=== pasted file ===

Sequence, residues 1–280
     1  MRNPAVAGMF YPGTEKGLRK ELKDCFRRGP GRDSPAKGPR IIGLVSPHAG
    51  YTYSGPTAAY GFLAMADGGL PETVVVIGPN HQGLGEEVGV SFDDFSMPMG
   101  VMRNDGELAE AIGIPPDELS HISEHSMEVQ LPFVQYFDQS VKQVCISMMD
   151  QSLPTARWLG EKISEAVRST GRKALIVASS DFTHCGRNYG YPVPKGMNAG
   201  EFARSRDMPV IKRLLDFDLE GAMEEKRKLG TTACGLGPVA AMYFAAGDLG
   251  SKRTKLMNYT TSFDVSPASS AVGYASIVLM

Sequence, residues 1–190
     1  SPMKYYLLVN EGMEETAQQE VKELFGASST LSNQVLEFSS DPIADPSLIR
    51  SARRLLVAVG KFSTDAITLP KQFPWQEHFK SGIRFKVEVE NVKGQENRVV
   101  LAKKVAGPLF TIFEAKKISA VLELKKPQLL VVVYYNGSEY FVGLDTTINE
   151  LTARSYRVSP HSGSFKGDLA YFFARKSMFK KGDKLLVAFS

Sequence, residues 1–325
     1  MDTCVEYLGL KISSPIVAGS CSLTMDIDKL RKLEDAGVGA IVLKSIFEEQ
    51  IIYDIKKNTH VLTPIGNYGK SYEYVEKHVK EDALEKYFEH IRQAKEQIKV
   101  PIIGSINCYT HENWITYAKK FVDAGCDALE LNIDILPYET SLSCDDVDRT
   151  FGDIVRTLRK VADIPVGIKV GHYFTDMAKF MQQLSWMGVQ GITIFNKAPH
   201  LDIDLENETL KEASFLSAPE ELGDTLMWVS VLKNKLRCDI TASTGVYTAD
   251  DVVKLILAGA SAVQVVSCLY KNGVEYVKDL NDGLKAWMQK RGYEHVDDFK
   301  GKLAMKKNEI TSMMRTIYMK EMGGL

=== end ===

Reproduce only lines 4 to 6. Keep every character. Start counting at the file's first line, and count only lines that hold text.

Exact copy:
   101  VMRNDGELAE AIGIPPDELS HISEHSMEVQ LPFVQYFDQS VKQVCISMMD
   151  QSLPTARWLG EKISEAVRST GRKALIVASS DFTHCGRNYG YPVPKGMNAG
   201  EFARSRDMPV IKRLLDFDLE GAMEEKRKLG TTACGLGPVA AMYFAAGDLG